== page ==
Tradition and Modernity
For many decades, our family business has been concerned with the making of high quality string instruments, with the cello at the centre of our efforts.
In our workshop, we strive to blend traditional handicraft with the most up to date acoustic measuring techniques
As members of the cello makers’ guild, my family is now in the third generation.
My grandfather started out with a small workshop where he artfully carved violin and cello necks from the raw wood.
When my father, Anton Stöhr, took over the workshop, he continued this enterprise in the spirit of its founder. One year after taking over the business, my father established his tone wood business in Igelsdorf, which he continues to run to this day. In addition, he began a further enterprise in founding the Anton Stöhr – Cello Workshop which has, for more than 30 years, gained him many satisfied customers worldwide.
With this family background, it was impossible for me not to fall for the charm of violin making.
I was admitted into a three year apprenticeship under Günter H. Lobe, master violin maker. After being successful at Chamber of Industry, State and German Federal levels, being granted the title “Germany’s best violin making journeyman”, I passed my master’s examination in violin making in 2000 in Nuremberg, being honoured with the Bavarian State Prize as best graduate.
Since then, my creativity in our cello workshop has blossomed further.
For a long time, my profession has been my vocation.
Master cellos from one – hand from the raw tree trunk to the ready-to-play instrument. A confirmation of my continuing improvement in the quality of the “Thomas Stöhr Celli” is the win of the “German Musical Instrument Award – Category Cello”. This award is granted by the Federal Ministry for Economy and Labour, to acknowledge products of outstanding quality. Within Germany’s musical instrument sector, it is considered the highest honour available, and it was presented to me by the Federal President, Johannes Rau. A further confirmation of my workmanship was the Violin-Making Competition in Mittenwald 2005, where I was judged second best cello maker in Germany.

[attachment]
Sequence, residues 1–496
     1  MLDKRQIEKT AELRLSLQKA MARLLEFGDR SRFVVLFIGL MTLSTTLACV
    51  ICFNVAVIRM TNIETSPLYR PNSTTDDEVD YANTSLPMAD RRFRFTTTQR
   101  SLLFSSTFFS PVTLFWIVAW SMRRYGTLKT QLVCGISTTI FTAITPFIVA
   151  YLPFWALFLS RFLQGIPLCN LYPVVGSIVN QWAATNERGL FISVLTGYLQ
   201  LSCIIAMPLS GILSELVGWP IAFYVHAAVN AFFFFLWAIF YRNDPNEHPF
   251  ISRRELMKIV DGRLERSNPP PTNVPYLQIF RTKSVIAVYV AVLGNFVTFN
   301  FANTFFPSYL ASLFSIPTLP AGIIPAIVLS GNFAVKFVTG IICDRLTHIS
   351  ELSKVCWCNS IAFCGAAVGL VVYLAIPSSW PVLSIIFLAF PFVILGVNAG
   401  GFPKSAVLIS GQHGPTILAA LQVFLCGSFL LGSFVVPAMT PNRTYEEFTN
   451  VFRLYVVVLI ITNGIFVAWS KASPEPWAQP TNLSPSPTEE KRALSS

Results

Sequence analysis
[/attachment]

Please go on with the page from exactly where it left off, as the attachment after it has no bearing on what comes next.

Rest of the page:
Our workshop is in Baiersdorf-Igelsdorf, a village just outside the gates of the city of Erlangen in Franconia, and in the true meaning of the word, its products resonate well within national and international orchestral circles and among famous soloists.
In closing, a little anecdote:
Thinking about the great violin or cello makers, we usually visualize them in their sixties or older, with stern faces and long flowing beards. When I was awarded the German Musical Instrument Award by Federal President Johannes Rau, I was 28 years old, and a guest of honour expressed his surprise at my receiving this great honour at such a young age. At which a member of the President’s entourage remarked: “What do you expect? At his age, Stradivari was already building masterful violins, and at age 30, Wolfgang Amadeus Mozart had composed his best works.”